Review Summary: Trying to do it all on his own, Biz hits sophomore slump.
There are several types of rappers, some don’t have great lyrics or flow but have a lot to say. Others don’t have much to say but are great lyricists and have a great flow. There are others who don’t have much to say and aren’t great lyricists but have a lot of emotion and passion. There is a very small group though that are the complete package: lyrics, flow, subject matter, emotion… and then, there’s Biz Markie. Biz is difficult to categorize, he got over mostly based on his personality and charisma but mostly with the help from his Juice Crew members on his debut.
Biz Markie’s debut Goin’ Off
succeeded in most part due to the contributions of Marley Marl(production) and Big Daddy Kane (lyrics). With that kind of help, it was difficult to NOT release a great album but on his sophomore effort The Biz Never Sleeps,
Biz Markie produces the album himself with some help from Cutmaster Cool V. Biz also pens all the lyrics himself, a noticeable downgrade from Kane’s raps.
The reason most people know Biz Markie is the song ‘Just A Friend’, a cautionary tale about girls who only have “friends”, even though Biz is pretty disengaged from this girl and you can tell what he really
: “I asked her her name, she said blah-blah-blah, she had 9/10 pants and a very big bra.”
Over a memorable piano loop and Biz’s “so bad it’s [s]good[/s] entertaining”-style of singing on the chorus, this track was a top 10 hit and unfairly got Biz labeled a one-hit wonder. It would be unfair to expect maturity from someone who had a song called ‘Pickin’ Boogers’ but ‘The Dragon’ is awful even by Biz’s standards, three verses that deal with body odor. Biz showcases his (slowed down) singing chops on ‘Spring Again’ which manages to succeed despite (because of?) it’s very cheesy chorus:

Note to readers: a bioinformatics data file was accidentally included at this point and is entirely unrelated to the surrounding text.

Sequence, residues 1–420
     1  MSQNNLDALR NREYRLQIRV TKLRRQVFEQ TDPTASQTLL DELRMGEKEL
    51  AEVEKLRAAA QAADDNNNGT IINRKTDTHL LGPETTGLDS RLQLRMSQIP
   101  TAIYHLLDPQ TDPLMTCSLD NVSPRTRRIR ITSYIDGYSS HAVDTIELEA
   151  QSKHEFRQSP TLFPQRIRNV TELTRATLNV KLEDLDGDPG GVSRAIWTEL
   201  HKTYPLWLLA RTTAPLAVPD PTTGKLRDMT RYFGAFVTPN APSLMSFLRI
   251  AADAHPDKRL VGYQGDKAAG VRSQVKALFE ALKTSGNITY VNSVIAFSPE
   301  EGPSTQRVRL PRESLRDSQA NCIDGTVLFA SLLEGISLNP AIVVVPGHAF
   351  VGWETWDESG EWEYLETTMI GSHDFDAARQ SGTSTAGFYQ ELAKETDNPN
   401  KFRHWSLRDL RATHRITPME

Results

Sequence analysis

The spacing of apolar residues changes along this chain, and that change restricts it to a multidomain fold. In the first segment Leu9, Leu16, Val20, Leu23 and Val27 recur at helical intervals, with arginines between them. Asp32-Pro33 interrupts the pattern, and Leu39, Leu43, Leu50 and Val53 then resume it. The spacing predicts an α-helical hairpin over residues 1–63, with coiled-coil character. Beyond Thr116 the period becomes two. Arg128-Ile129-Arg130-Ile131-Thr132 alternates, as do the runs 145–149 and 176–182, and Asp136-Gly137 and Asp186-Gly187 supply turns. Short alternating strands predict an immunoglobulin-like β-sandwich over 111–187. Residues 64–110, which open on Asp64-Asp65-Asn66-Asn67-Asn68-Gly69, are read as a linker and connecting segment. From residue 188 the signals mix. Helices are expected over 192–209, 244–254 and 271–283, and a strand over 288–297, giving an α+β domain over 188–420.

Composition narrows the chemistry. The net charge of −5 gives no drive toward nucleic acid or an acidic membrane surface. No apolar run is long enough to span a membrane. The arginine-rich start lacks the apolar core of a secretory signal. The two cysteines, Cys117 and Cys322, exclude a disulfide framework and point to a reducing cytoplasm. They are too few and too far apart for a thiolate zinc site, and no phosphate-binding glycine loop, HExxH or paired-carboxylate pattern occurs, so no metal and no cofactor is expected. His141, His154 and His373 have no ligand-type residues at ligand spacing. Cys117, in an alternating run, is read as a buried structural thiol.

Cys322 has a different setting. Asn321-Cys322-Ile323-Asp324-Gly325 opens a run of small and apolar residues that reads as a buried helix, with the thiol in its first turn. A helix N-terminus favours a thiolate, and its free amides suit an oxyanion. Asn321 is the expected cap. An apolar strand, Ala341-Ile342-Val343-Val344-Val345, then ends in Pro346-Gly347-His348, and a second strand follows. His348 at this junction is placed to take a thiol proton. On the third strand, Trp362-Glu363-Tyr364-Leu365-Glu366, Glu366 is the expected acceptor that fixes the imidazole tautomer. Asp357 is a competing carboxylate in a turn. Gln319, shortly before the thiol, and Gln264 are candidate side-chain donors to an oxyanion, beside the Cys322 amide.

“It's spring again
Everybody know it's spring again
To the girls and boys and people above
This is the time to fall in love”
Although Biz has a legendary record collection, his production skills are very raw here as shown on ‘She's Not Just Another Woman (Monique)’ a full scale hijacking of The 8th Day’s track. Sampling is one thing but straight out taking
someone else’s song is totally different and this practice would eventually land Biz in hot water, effectively ended the “free-sampling” era.
The Biz Never Sleeps
may contain Biz’s biggest hit but without his Juice Crew cohorts, this is a huge drop-off from his debut. Goin’ Off
may not have had a song as memorable as ‘Just A Friend’ but top to bottom, it towers over The Biz Never Sleeps.
This album proves that charisma can only take you so far, even though there are a few good moments on here, it shows that without Marley Marl’s beats and Kane’s raps, Biz wasn’t much more than a gimmick.
Just A Friend
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